I used to pretend that working in sales is like this one David Foster Wallace story. It’s the last one in Brief Interviews with Hideous Men.
In the story, the narrator hits on this girl and she tells him about this time that she went hitchhiking. While hitchhiking this girl gets picked up by a man and she quickly comes to the realization that he is going to kill her. She spurts out a bunch of information about herself in an effort to seem human. She thinks that if she can make a connection with him, she will be able to save herself.
And that’s kind of what a job in sales is like.
Only, of course, the stakes are much lower. Rejection is the worst thing that can happen. Plus, no one wants to have a strong emotional connection with someone who is trying to sell them something. They want to have a superficial and pleasant connection, at best.
If you can get someone to see you as an actual human being though, they might at least accept your phone calls.
It’s depressing, but no one wants to have a Virginia Woolf style “moment of being” with you. They want you to explain why they are calling you.
Regardless of whether or not, people really want to connect with a sales person. I’ve learned a few more things that are applicable to the rest of my life:
1. People can hear you smile. No matter how shitty your day is, if you smile you can trick people into thinking that you’re happy to talk to them.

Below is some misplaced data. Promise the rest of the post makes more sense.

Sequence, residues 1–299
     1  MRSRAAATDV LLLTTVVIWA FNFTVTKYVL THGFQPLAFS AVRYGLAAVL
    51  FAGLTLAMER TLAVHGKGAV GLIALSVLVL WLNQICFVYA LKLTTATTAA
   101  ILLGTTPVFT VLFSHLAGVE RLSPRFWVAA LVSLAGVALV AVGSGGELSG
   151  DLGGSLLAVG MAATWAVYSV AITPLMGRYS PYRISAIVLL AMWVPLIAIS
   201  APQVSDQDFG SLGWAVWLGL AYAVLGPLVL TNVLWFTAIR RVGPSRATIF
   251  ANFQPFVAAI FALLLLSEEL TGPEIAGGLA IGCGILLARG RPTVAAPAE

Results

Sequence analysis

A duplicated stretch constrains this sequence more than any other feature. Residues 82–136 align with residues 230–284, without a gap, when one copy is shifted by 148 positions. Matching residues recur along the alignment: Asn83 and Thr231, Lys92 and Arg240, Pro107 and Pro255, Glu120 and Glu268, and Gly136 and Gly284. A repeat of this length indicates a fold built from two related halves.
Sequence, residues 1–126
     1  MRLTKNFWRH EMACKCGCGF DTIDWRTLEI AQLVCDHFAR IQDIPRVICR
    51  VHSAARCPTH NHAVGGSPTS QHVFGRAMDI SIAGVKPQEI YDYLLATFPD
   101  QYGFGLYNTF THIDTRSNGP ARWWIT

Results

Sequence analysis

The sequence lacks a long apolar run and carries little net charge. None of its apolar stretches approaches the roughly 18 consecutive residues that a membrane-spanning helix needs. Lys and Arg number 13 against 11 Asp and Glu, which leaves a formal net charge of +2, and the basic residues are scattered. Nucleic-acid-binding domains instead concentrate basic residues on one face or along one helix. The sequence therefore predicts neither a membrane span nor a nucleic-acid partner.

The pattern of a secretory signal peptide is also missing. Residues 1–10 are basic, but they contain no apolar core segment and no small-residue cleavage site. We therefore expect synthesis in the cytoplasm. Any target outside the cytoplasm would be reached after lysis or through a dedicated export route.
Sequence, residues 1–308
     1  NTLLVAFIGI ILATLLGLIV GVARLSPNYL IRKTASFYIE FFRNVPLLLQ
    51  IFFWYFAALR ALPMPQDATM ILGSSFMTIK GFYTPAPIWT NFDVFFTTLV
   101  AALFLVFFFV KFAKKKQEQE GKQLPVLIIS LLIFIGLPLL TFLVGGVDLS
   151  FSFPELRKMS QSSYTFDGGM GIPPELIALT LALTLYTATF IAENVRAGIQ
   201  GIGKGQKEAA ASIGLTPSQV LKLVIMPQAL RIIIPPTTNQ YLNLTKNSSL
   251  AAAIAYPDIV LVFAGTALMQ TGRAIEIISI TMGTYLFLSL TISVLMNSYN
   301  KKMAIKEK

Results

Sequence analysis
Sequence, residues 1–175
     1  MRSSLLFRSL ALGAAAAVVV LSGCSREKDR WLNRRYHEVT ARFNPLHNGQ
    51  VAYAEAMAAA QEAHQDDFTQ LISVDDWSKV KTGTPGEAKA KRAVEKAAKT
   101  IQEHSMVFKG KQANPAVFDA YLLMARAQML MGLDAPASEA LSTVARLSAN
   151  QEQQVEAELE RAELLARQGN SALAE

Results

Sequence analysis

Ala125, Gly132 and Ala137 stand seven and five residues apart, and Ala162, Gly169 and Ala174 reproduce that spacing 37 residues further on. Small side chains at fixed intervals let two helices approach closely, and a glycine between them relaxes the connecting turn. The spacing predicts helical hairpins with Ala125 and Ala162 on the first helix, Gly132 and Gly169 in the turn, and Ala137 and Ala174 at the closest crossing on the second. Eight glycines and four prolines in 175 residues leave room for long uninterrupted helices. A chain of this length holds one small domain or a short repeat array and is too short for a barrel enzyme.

2. Another person’s personality can change depending on whether or not you’re emailing back and forth, talking on the phone or speaking in person.
3. Your relationship with someone drastically changes after you’ve met them in person versus just speaking to them on the phone.
4. Getting someone to like you is entirely different from getting someone to buy something from you.
5. It’s possible to have the same conversation with ten different people.
6. Sometimes, for completely inexplicable reasons, people don’t like you. In the same way that sometimes you don’t like other people, but of course, you can learn that by doing other things. Not just selling.
7. Personal touches go a long way for people. Something as small as a handwritten note or remembering that someone’s son plays soccer can be much appreciated.
8. It can take a long time for someone to make a decision.
9. You can always tell when you get someone who has worked in sales before on the phone with you.
10. There’s nothing better than finding someone who wants to talk to you after a day of leaving voicemails. Only sometimes, it catches you so off guard that you’ll start reciting a voicemail to a live person on the other end. This will confuse them.